Some interesting connections
The trends and changes that made us human did not develop in isolation. There are some interesting connections between the four major trends.
Legs, hands, stone tools and diet
Our ancestors started on the path to becoming human when they began walking on two legs. The hands were now freed for other tasks but millions of years passed before stone tools began to be manufactured. The earliest known archaeological sites contain many flaked stone tools alongside collections of animal bone fragments. Examination of these tools and bones indicate that the tools were used to obtain meat and marrow from the bones.
Diet, teeth and brain size
Brain size began to increase about two million years ago and this may be linked to improved diets containing more meat. Isotope studies on teeth suggest meat was becoming a significant part of some hominin diets by about 2.5 million years ago. The change in tooth and jaw structure about this time also suggests a dietary change with more reliance on meat, as does the elaboration of tool technology.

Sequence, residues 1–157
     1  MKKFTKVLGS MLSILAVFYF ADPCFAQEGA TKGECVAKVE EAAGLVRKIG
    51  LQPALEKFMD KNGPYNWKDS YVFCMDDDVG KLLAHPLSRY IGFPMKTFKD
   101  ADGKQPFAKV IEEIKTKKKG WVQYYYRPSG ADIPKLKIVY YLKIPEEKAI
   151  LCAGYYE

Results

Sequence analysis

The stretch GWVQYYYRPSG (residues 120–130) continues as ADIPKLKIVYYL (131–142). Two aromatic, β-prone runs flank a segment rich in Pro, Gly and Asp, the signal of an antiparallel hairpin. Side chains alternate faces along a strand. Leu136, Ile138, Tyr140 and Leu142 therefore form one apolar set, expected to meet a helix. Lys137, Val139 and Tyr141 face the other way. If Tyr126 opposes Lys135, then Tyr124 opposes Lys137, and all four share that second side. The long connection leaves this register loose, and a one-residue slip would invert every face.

The brain requires substantial amounts of energy (about 20% of dietary energy intake) and could only increase in size if its increased energy needs were met. Meat is a concentrated source of calories, protein and fat, providing a rich source of energy in which to sustain or develop a larger brain.
One side benefit of a shift to more meat in the diet is more free time. A herbivore spends a much greater percentage of time feeding compared to a carnivore of the same weight. For instance, a 35 kilogram australopithicine that included significant amounts of meat in its diet would shift from about 6 hours feeding time per day to only to 2 hours, freeing up large amounts of time in which to develop social and learning skills.
Tools, diet and tooth size
Improved technology and a greater reliance on meat in the diet may have affected tooth size since foods now needed to be chewed less. This is reflected in the reduced size of the premolars and molars – the teeth responsible for grinding food.
Fran Dorey , Exhibition Project Coordinator